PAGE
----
Section 121A. Whoever, without right, enters upon the private land of another, whether or not such land be posted against trespass, and in so entering makes use of or has in his immediate possession or control any vehicle, machine, or device which includes an internal combustion engine or other source of mechanical power, shall be punished by a fine of not more than $500.

The provisions of this section shall not apply to such an entry at the junction of a public way with a paved private roadway, unless said private roadway is distinguished from the public way by a sign, gatepost, or the display of a street number or the name of the occupant of the premises, or by the improvement of adjacent land, the type of construction of the roadway, or other distinguishing feature, or unless such entry has been forbidden by the person having lawful control of said private roadway.

Nothing herein shall in any way restrict the operation of power boats on waterways not otherwise restricted.

This section at least makes no bones about it. If you enter or remain upon the private land of any other person while operating a vehicle without the right to do so and no matter if a “no trespassing” sign or notice is posted, you’re committing trespass by motor vehicle, and will be fined up to $500.

Interestingly, there is no schedule for a term in jail for trespassing in this way.

The next section, 122, is notable for quantifying the defacing of a “No Trespassing” notice as a crime, but otherwise it provides no other guidance on said signage:

Section 122 – Notice Against Trespassers; Defacement; Penalty

Section 122. Whoever wilfully tears down, removes or defaces any notice posted on land, or other property described in section one hundred and twenty, by the owner, lessee or custodian thereof, warning persons not to trespass thereon, shall be punished by a fine of not more than twenty-five dollars.

Section 123 codifies trespassing on any state-owned land, institution or facility:

Section 123 – State Land; Public Institutions; Trespass; Penalty

Section 123. Whoever willfully trespasses upon land or premises belonging to the commonwealth, or to any authority established by the general court for purposes incidental to higher education, appurtenant to a public institution of higher education, any correctional institution of the commonwealth, Tewksbury hospital, Soldiers’ Home in Massachusetts, Soldiers’ Home in Holyoke, any public institution for the care of mentally ill and developmentally disabled persons, any Massachusetts training school or state charitable institution, or upon land or premises belonging to any county and appurtenant to a jail, house of correction or courthouse, or whoever, after notice from an officer of any of said institutions to leave said land, remains thereon, shall be punished by a fine of not more than fifty dollars or by imprisonment for not more than three months.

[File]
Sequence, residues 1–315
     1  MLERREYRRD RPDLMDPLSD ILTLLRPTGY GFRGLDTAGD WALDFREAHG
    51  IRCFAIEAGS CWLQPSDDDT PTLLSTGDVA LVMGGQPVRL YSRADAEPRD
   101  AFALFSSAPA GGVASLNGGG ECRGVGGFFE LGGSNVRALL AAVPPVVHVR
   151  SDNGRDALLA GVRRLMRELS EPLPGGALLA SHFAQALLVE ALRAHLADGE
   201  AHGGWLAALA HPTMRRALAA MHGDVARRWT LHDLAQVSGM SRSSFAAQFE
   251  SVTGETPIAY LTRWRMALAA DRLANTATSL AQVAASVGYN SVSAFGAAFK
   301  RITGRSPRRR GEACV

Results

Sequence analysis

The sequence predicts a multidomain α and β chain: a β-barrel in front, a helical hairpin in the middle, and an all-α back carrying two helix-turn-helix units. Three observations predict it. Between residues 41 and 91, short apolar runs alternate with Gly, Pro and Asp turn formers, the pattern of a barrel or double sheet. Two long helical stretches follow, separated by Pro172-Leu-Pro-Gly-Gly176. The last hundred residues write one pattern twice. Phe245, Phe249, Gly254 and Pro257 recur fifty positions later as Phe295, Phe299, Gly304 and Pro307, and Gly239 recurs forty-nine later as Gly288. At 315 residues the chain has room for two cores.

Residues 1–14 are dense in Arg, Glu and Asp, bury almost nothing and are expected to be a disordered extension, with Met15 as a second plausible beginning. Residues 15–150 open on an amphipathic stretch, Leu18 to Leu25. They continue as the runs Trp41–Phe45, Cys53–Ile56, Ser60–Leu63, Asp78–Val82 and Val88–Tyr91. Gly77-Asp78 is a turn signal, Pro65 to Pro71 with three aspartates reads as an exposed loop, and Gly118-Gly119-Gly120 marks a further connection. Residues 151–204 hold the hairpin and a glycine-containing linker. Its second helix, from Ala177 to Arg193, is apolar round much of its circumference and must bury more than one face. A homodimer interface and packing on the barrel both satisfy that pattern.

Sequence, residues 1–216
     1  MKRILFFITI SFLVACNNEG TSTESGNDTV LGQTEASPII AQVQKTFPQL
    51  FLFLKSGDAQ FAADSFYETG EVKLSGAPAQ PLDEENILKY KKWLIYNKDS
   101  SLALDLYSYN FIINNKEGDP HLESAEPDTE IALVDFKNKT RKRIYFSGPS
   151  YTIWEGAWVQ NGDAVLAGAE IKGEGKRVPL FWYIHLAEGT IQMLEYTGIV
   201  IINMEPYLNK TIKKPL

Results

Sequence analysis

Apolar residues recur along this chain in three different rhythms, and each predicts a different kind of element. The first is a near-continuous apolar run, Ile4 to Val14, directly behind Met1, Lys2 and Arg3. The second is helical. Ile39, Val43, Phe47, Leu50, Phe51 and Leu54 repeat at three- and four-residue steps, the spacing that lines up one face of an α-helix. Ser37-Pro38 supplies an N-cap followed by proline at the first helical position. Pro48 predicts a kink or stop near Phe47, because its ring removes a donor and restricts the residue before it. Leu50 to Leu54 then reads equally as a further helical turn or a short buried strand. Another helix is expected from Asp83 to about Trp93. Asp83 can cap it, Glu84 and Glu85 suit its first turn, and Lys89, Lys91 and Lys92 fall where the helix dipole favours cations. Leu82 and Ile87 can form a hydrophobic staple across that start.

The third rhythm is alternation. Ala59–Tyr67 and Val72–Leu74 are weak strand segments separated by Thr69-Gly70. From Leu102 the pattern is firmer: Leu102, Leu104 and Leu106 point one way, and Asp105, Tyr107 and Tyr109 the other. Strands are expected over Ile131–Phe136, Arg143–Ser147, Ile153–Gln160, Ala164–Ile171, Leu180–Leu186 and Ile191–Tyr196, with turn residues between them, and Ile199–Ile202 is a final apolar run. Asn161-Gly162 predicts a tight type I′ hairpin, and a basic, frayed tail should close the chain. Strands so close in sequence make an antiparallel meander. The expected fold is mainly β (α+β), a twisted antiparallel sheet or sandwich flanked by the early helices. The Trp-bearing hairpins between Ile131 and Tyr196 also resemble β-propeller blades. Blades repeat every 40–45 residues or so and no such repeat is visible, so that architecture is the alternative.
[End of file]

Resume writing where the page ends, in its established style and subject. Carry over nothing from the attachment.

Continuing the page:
Illegal entry onto any of the named places in section 123 or remaining on the property or premises of those named places after being told to leave by authorized personnel is trespassing upon state land or public institutions, and will result in a fine of up to $50, and imprisonment for no longer than three months.

I think I will take the fine and go on my way, thank you very much.

Next up, the big one. Violate this section and you can get hit with felony charges:

Section 123a – Willful Trespass Upon Public Source of Water, Water Supply Facility or Land

Section 123A. (a) Whoever willfully trespasses upon any public source of water or public water supply facilities or land after having been forbidden to do so by a person who has lawful control of the water, facilities or land, or an agent of such a person, whether directly or by notice posted on such water supply facility or land, shall be punished by a fine of not less than $250 nor more than $1,000.

(b) Whoever commits any offense described in subsection (a) with the intent to corrupt, pollute or defile such public source of water shall be punished by a fine of not less than $1,000 nor more than $5,000 or by imprisonment in the house of correction for not more than 2 years or in state prison for not more than 5 years or by both such fine and imprisonment. Whoever is convicted of a second or subsequent violation of this subsection shall be punished by a fine of not less than $1,000 nor more than $10,000 or by imprisonment in state prison for not less than 5 years nor more than 10 years or by both such fine and imprisonment.

(c) In addition to the punishments outlined in subsections (a) and (b), restitution in the amount of costs associated with water quality analysis and any subsequent investigation to determine water safety and security of the facilities or land may be ordered by a court after a hearing relative to such restitution.

(d) A law enforcement officer may arrest, without a warrant, any person that the officer has probable cause to believe has violated this section.

Lastly, perhaps the most peculiar of the state statutes, which covers Sunday Trespassers, of all things:

Section 131 – Sunday Trespassers; Arrest and Detention Without Warrant

Section 131. Whoever is discovered in the act of wilfully injuring a fruit or forest tree or of committing any kind of malicious mischief on Sunday may be arrested without a warrant by a sheriff, deputy sheriff, constable, police officer or other person, and detained in jail or otherwise until a complaint can be made against him for the offence, and he be taken upon a warrant issued upon such complaint; but such detention without warrant shall not continue beyond the following day.

So there you have it. If you steal fruit or get up to malicious mischief on any given Sunday you can be arrested and jailed without a warrant until such time someone gets around to making an official complaint against you.

Serves all you fruit thieves right, trying to take produce while people are at church!

Conclusion

Massachusetts continues their proud tradition of excessively bloated laws and regulations with statutes on trespassing that are spread out, difficult to access and peculiarly worded.

Most forms of trespassing in the state are misdemeanors with small fines and minimal jail terms, but trespassing on public water sources or water works property could see you hit with a heavy fine and several years in jail.

The post Massachusetts Trespassing Laws: What You Need to Know appeared first on Survival Sullivan.

Source: survivalsullivan.com